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IATF 16949 ISO 9001 Quality management Quality Management System

Quality objectives – results to achieve in the quality management system


Entering the New Year for many organizations means a summary of activities in the quality management system for the previous year. At the same time, it is the moment to prepare the organization to meet the requirements of ISO 9001, IATF 16949 (more about this standard here) or another standard in the coming months. In many organizations that treat the New Year as the beginning of “the new interval”, the quality objectives are the basic elements to consider and establish.

Quality objectives- why they are important?

Organizations certifying their quality management systems against the requirements of ISO 9001 and IATF 16949 are process-oriented (the process-oriented approach to management is discussed here). Additionally, they are required to use process monitoring (monitoring is discussed here). Therefore, they use metrics that guide continual improvement and the efficient use of resources.

Effective use of metrics is possible due to the assignment of quality objectives to them.

Thanks to them, organizations gain information on whether they are following the chosen direction by implementing their strategy, and thus whether they are taking the right actions.

What are quality objectives?

The definition of the goal is included in ISO 9000:2015 states:

Objective – a result to be achieved.

ISO 9000:2015, Quality management systems — Fundamentals and vocabulary, p. 3.7.1

Thus, each objective determines the planned material or non-material outcome of the process.

The formulation of the objectives can be done in two ways [1]:

  • keeping in mind the requirements and expectations of the entire process; they can be defined as the overall goals of the process,
  • and / or goals may result from tasks carried out during the process; they can be defined as specific objectives of the process.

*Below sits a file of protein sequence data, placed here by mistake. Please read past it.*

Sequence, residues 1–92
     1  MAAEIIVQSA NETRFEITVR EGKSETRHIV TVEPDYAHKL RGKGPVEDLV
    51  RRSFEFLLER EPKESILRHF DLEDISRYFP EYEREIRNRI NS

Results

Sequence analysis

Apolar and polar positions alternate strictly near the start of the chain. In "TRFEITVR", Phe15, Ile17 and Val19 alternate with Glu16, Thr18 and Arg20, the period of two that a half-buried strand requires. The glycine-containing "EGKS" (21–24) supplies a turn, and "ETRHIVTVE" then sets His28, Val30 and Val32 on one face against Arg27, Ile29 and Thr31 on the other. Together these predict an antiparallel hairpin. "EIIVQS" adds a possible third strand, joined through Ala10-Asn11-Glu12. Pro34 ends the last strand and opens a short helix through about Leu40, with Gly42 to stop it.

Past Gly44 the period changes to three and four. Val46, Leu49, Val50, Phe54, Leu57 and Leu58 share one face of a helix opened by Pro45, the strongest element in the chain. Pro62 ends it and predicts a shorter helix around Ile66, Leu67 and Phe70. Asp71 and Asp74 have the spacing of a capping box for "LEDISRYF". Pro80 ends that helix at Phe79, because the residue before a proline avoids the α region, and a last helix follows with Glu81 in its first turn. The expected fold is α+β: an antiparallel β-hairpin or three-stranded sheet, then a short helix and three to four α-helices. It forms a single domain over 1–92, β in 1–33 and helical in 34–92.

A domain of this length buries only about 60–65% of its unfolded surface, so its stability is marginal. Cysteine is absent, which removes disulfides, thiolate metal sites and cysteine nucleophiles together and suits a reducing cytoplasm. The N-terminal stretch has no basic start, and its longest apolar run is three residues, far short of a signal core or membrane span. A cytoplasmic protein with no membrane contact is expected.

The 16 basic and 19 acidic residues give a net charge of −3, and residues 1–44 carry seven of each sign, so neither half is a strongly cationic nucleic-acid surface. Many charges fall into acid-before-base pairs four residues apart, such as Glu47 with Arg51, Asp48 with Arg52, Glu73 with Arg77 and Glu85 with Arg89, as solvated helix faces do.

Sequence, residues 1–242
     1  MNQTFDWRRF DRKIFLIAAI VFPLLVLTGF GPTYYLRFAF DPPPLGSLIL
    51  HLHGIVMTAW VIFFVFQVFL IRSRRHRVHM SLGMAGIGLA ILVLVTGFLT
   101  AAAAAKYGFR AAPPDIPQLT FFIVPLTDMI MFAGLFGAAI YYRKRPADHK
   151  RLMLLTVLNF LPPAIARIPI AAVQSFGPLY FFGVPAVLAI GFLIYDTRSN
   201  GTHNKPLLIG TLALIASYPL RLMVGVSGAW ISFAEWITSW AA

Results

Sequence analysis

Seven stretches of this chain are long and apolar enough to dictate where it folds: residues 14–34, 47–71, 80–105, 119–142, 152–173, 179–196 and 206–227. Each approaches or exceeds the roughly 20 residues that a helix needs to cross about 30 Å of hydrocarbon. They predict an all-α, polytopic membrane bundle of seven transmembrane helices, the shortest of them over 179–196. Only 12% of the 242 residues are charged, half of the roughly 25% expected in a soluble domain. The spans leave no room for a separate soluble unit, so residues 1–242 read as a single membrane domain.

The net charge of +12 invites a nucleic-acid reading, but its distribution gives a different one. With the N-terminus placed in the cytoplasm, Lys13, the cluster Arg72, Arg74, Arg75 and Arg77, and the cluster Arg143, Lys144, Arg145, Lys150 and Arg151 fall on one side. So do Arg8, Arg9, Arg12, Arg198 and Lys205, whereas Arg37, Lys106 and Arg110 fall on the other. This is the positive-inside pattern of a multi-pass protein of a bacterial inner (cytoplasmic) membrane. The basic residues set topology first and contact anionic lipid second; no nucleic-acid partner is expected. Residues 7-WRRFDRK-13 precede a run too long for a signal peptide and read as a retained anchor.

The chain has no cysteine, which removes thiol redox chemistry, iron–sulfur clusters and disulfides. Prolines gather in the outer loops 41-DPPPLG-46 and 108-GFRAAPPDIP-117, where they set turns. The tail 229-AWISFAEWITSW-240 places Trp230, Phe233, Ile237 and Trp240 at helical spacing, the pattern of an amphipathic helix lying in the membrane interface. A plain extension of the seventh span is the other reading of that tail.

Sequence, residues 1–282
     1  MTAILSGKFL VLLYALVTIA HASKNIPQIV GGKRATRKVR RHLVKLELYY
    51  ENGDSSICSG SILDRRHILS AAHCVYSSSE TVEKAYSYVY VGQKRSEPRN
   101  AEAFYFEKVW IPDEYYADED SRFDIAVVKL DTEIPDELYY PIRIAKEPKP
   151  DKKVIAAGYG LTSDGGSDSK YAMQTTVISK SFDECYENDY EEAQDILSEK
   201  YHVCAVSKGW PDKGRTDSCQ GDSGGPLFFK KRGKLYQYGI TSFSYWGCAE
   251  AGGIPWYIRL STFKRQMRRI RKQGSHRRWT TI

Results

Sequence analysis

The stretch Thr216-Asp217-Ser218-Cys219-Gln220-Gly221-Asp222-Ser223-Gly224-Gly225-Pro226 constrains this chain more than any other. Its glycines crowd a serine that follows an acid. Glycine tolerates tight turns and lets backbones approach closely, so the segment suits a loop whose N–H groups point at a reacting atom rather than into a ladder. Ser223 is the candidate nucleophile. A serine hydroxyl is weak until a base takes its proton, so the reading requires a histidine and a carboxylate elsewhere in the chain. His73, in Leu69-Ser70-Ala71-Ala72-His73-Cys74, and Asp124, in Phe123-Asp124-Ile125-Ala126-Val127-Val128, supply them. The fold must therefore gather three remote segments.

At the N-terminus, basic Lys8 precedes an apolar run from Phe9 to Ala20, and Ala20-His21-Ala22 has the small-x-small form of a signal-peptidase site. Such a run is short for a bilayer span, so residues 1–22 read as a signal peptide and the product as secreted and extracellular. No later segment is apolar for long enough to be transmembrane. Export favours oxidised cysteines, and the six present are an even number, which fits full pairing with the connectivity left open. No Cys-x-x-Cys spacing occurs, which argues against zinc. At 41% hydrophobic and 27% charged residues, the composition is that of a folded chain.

The objective may be related to manufacture a specific product, to collect relevant information, etc. But most of all, the most important goal in the process approach is to achieve customer satisfaction [2]. Therefore, all efforts to design a process should start with an analysis of customer requirements [3].

What should the objectives be?

For goals set up in the organization remember about the SMART principle:

  • Specific properly formulated, understandable to everyone and important for the company,
  • Measurable – that is, formulated in such a way as to be able to numerically express the degree of goal achievement,
  • Achievable – goals should be ambitious but realistic to achieve,
  • Relevant – the goal should correspond to the strategic direction of the organization,
  • Time-bound – the goal should have a specific time horizon in which it is intended to be achieved.

Objectives related ISO 9001:2015 requirements

Top management should demonstrate leadership and commitment to the quality management system by: (…) establishing quality objectives that are consistent with the context and strategy of the organization.

ISO 9001: 2015 Quality management systems — Requirements, p. 5.1.1 b)

ISO 9000:2015 defines top management as:

Top management is the person or group of people who, at the highest level, lead and oversee the organization.

ISO 9000:2015, Quality management systems — Fundamentals and vocabulary, p. 3 .1.1

When considering the quality management system compliant with the requirements of ISO 9001, the quality objectives should be established for the appropriate:

• functions,

• levels,

• processes,

needed for the quality management system.

According to ISO 9001 point 6.2.1, the quality objectives should be:

• adequate to the quality policy;

• measurable;

• take into account applicable requirements;

• refer to the conformity of products and services and increase customer satisfaction;

• monitored;

• communicated;

• updated.

Remember that you must maintain documented information on quality objectives.

In addition, ISO 9001 point 6.2.2 says that when planning how to achieve quality objectives, you should specify:

• what is to be done;

• what resources are needed;

• who will be responsible;

• when it will be completed;

• how to evaluate the results.

Quality objectives in IATF 16949: 2016

IATF 16949 in 6.2.2.1 specifies that objectives should be defined, established and maintained for the relevant functions, processes and levels throughout the organization, especially if related to meet customer requirements.

IATF 16949 also states that top management is responsible for ensuring that these objectives are established and maintained.

The absolute difference from ISO 9001:2015 is the requirement in IATF 16949:2016 to set quality objectives and related performance targets (internal and external) (at a minimum) once a year.

Additionally it should be:

• taken into account the results of the review regarding interested parties

• and their relevant requirements.